Based on first-principles calculations we predict that periodically repeated junctions of armchair graphene nanoribbons of different widths form multiple quantum well structures. In these superlattice heterostructures the width as well as the energy-band gap is modulated in real space and specific states are confined in certain segments. Not only the size modulation, but also composition modulation, such as periodically repeated and commensurate heterojunctions of boron nitride and graphene honeycomb nanoribbons, results in a multiple quantum well structure. The geometrical features of the constituent nanoribbons, namely, their widths and lengths, the form of the junction, as well as the symmetry of the resulting superlattice, are the structural parameters available to engineer electronic properties of these quantum structures. We present our analysis regarding the variation of the band gaps and the confined states with these structural parameters. Calculation of transmission coefficient through a double barrier resonant tunneling device formed from a finite segment of such a multiple quantum well structure and placed between metallic electrodes yields resonant peaks which can be identified with electronic states confined in the well. We show that these graphene-based quantum structures can introduce interesting concepts to design nanodevices. Relevance of the quantum structures are discussed in view of the most recent experimental results.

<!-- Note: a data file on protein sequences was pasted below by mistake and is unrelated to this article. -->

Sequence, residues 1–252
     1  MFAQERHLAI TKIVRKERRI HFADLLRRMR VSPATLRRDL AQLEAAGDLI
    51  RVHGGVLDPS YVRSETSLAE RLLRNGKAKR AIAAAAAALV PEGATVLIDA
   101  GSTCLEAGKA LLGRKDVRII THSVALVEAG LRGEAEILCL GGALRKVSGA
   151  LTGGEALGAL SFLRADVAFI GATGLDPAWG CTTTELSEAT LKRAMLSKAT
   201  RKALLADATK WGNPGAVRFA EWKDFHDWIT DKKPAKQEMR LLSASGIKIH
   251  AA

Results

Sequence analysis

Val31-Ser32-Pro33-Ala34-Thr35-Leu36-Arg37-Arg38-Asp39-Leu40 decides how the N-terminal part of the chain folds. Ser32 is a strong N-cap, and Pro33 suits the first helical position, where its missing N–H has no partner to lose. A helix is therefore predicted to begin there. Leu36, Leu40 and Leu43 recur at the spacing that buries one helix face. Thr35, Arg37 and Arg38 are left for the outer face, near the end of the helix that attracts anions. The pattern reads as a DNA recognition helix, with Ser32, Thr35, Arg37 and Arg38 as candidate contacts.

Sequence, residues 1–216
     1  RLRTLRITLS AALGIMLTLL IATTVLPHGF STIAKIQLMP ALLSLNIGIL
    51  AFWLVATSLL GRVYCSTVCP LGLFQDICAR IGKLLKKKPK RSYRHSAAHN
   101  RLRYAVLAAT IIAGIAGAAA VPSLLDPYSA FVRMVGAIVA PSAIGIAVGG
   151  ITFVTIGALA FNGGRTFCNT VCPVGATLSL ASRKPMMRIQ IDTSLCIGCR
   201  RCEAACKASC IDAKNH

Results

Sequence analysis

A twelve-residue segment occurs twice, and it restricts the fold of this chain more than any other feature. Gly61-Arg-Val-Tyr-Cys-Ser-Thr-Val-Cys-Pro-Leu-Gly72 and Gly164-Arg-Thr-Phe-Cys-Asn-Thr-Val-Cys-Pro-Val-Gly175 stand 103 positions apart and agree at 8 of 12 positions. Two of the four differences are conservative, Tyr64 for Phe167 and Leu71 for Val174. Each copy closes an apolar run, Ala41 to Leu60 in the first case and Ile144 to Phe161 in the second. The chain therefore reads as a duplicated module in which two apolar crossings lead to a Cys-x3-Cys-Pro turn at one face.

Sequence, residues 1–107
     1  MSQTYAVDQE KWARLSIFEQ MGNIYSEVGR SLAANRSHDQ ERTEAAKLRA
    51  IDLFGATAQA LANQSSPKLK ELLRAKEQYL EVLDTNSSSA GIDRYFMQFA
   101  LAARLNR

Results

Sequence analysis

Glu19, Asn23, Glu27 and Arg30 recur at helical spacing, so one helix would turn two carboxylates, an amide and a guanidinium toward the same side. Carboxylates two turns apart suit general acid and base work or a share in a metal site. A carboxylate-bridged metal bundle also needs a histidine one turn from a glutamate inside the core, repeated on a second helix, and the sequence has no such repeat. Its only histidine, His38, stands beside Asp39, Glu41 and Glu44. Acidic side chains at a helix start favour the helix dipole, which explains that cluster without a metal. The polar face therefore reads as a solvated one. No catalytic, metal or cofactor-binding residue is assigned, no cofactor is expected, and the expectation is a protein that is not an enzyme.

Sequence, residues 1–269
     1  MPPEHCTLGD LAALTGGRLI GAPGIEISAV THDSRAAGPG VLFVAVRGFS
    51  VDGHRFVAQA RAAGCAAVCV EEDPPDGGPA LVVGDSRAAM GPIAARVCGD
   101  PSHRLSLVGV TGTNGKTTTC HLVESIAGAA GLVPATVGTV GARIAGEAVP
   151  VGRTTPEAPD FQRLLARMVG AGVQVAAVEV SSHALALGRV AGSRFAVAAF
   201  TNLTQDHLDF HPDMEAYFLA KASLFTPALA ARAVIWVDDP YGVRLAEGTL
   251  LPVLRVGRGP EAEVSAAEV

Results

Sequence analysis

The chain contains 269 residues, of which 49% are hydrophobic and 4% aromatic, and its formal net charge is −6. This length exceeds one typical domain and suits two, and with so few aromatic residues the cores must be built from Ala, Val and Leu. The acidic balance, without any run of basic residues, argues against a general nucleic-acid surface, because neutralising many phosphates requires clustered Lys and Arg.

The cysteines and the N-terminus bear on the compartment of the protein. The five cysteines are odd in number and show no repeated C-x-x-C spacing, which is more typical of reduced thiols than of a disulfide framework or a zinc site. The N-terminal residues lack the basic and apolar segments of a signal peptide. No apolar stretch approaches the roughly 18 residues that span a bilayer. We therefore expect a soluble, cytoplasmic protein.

|Original language||English (US)|
|Journal||Physical Review B - Condensed Matter and Materials Physics|
|State||Published - Dec 1 2008|